NT: I trust the numbers in China. The question is, do we trust the China got the coronavirus under control? I would say I do believe that. I mean the story of information in China is fascinating because in the very beginning there's the authoritarian blocking of information, right? And prosecuting people who are telling the truth about it and famously doctors in Hubei province. But I actually think that China has played since that moment, a very responsible global role, both in taking incredibly strong action that then quiets down the pandemic at home and then sharing resources with the world.

Now, there have been some awful moments. The press secretary for Shujing Ping tweeted out, some conspiracy theory nonsense about the US creating the virus, right? That was utterly despicable. But as for the numbers, I do trust that there has been a substantial decline in China, both because it's the Chinese government reporting those, but it's also the World Health Organization is over there too.

MC: So the president and the White House in general have expressed a great distrust of the mainstream media. Of course, we work in media and we feel this every day. There are also a lot of people who support the president in his policies who share that mistrust of the media. In what ways is this general mistrust of the mainstream media effecting the spread of bad information, and is it sort of inhibiting the spread of good information?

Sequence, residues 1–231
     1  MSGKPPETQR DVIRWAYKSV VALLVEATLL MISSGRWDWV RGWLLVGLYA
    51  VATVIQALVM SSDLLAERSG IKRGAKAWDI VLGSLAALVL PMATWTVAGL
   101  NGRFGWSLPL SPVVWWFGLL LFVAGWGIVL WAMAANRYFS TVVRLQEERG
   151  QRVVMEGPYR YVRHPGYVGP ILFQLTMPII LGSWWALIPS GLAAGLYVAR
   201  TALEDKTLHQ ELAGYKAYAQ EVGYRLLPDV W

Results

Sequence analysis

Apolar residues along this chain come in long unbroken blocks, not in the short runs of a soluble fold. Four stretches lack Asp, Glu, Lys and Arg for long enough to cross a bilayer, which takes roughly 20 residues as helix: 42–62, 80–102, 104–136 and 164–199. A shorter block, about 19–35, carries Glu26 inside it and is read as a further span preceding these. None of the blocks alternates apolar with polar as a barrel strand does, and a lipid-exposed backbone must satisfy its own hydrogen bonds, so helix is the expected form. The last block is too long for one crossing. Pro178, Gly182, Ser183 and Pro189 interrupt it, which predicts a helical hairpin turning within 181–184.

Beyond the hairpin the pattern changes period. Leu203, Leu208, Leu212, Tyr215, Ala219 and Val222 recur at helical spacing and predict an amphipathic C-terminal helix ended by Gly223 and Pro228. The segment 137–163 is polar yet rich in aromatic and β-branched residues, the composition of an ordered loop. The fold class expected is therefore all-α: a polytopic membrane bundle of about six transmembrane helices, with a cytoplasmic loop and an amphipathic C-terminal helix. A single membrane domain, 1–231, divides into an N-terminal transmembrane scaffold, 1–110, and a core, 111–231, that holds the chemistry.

NT: Oh yeah, it's extremely unfortunate. One of the most tragic consequences of not just the Trump administration, but over the last 10 years has been the decline in trust in mainstream journalism. And so now you can see that a percentage of Republicans who believe that coronavirus is a great threat to this nation is much lower than the percentage of Democrats and that's in part because society has been filtered into a subset of people who read the free balanced press that WIRED is a part of and people who don't. And the breakdown of the civic trust that our profession had as absolutely made it harder for people to get good information.

There was a period the first two weeks of March, which were crucial weeks in this period when we go back and we tell the story of coronavirus in the United States of America, if we had acted on February 15th the way we acted on March 15th thousands, tens of thousands, hundreds of thousands of lives would be saved. Now. Why didn't we act on February 15th the way we acted on March 15th? There are a lot of reasons, but one of them was that there was a sense that half the country didn't trust that this was a real thing and that there were a lot of right-wing pundits and people on Fox news and to some degree, the president himself saying that this is the media trying to bring down Trump, which it was not, but because that story was believed that absolutely helped us slow down our response, quite unfortunate.

LG: Nick, do you anticipate that this kind of… I don't know, partisanship, misinformation and distrust is also going to affect the way that we approach potential antibodies, vaccines and cures for this?